CEOP

Maija Palmer

Facebook logoWhen Joe Sullivan, Facebook’s chief security officer, and Elliot Schrage, the company’s head of public policy,  flew to Washington DC on Monday for a grueling four-hour “showdown” meeting with a senior UK child protection official, the company wanted to send a strong signal that it was ready to listen and act on local concerns.

Facebook is desperate to draw a line under an escalating controversy in the UK over child safety. Always a target for scare stories over everything from spreading venereal disease to teenage depression, Facebook has recently come under scrutiny following the conviction of Peter Chapman, a serial rapist who used Facebook to meet a 17-year-old girl, who he went on to rape and murder.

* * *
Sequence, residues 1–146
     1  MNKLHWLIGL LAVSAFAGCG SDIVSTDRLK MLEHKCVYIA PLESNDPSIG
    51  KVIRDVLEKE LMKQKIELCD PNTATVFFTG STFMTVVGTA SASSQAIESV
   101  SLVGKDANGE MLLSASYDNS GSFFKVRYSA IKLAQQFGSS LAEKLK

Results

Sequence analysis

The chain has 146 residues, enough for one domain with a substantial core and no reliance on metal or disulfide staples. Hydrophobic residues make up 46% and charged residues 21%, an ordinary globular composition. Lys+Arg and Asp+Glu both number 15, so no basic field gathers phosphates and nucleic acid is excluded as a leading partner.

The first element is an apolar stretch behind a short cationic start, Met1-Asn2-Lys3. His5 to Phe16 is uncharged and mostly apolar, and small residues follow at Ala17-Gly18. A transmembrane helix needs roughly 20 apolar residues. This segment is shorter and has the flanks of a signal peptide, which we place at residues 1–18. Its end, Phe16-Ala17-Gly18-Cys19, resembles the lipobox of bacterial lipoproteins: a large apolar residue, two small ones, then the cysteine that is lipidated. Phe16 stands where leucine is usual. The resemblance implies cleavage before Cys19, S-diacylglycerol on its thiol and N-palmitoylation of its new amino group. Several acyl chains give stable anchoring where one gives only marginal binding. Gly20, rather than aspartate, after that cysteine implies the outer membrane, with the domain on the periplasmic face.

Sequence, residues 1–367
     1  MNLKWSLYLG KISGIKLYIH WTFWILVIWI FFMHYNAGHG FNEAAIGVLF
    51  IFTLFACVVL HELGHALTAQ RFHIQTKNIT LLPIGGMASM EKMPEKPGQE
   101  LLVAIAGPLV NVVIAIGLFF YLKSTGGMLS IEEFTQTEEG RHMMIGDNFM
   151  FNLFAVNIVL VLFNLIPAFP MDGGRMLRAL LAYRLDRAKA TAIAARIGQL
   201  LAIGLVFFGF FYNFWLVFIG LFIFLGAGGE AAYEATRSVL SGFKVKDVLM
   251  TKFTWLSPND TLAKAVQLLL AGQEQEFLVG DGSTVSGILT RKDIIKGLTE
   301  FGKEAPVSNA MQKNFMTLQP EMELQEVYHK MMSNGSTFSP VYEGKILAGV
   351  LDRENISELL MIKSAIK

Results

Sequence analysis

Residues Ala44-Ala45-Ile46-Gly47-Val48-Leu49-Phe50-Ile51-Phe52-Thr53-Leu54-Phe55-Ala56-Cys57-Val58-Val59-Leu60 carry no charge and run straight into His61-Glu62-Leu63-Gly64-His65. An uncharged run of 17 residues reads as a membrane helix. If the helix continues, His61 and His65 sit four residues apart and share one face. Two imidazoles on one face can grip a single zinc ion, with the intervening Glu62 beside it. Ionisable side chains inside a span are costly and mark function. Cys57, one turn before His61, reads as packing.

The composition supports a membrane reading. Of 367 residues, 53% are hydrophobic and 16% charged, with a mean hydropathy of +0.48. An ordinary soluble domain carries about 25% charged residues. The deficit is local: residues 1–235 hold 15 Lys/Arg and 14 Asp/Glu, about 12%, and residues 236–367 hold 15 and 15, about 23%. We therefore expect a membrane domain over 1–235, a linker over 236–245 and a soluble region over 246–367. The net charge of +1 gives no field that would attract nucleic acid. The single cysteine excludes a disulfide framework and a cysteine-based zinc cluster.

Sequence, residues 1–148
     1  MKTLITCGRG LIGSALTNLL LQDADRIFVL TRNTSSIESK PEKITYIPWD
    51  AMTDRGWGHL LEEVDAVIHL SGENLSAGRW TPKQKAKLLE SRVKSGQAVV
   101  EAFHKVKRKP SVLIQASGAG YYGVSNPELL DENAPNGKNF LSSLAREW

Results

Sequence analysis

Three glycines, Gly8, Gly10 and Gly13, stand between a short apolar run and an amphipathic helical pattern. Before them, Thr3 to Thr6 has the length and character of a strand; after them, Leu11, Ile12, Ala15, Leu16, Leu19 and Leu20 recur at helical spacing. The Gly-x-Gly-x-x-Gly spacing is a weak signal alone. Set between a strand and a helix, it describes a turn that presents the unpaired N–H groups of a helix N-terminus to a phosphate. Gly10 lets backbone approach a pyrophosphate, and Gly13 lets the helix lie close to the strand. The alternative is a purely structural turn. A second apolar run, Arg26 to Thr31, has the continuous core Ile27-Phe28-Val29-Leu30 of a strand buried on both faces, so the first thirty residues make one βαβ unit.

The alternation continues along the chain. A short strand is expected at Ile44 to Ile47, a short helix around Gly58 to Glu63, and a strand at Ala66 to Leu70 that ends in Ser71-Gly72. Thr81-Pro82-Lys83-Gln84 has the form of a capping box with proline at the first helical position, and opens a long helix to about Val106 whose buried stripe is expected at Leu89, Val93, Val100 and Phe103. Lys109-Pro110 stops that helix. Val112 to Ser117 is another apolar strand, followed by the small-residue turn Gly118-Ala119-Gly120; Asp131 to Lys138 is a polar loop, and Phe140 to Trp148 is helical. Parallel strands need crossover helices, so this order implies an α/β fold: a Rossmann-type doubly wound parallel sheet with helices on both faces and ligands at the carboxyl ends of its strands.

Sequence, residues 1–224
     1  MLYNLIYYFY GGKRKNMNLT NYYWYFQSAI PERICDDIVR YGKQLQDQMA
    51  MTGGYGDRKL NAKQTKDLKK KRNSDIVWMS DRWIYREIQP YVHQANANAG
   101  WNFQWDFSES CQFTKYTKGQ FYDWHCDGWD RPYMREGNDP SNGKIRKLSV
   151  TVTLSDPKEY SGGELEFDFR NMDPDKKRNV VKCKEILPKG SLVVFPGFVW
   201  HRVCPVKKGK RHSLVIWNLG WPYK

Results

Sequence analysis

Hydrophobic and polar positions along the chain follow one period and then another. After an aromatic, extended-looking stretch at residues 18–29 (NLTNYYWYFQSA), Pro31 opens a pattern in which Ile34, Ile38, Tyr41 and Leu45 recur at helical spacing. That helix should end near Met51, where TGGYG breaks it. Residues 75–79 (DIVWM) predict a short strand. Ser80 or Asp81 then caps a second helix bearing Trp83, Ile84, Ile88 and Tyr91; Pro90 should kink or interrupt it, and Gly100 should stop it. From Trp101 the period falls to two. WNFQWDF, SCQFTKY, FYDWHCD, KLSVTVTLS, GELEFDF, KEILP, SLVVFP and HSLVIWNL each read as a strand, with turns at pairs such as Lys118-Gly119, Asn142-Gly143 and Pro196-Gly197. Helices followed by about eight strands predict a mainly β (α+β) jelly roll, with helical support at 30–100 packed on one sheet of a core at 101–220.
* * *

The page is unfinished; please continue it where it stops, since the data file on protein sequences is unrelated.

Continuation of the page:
Tim Bradshaw

It’s been a tough seven days for Facebook in the UK. Last week the social network was splashed on the front page of most newspapers after “Facebook killer” Peter Chapman murdered a 17-year-old girl he met through the site.

The Daily Mail in particular went to town on the story, even risking legal action with a piece by an “expert” claiming that within 90 seconds of logging into Facebook, “a middle-aged man wanted to perform a sex act in front of me”. The Mail had to apologise when it emerged the site in question wasn’t Facebook after all but a (still-unnamed) “different social networking website”.

It didn’t take long for politicians to jump on the bandwagon in this election year.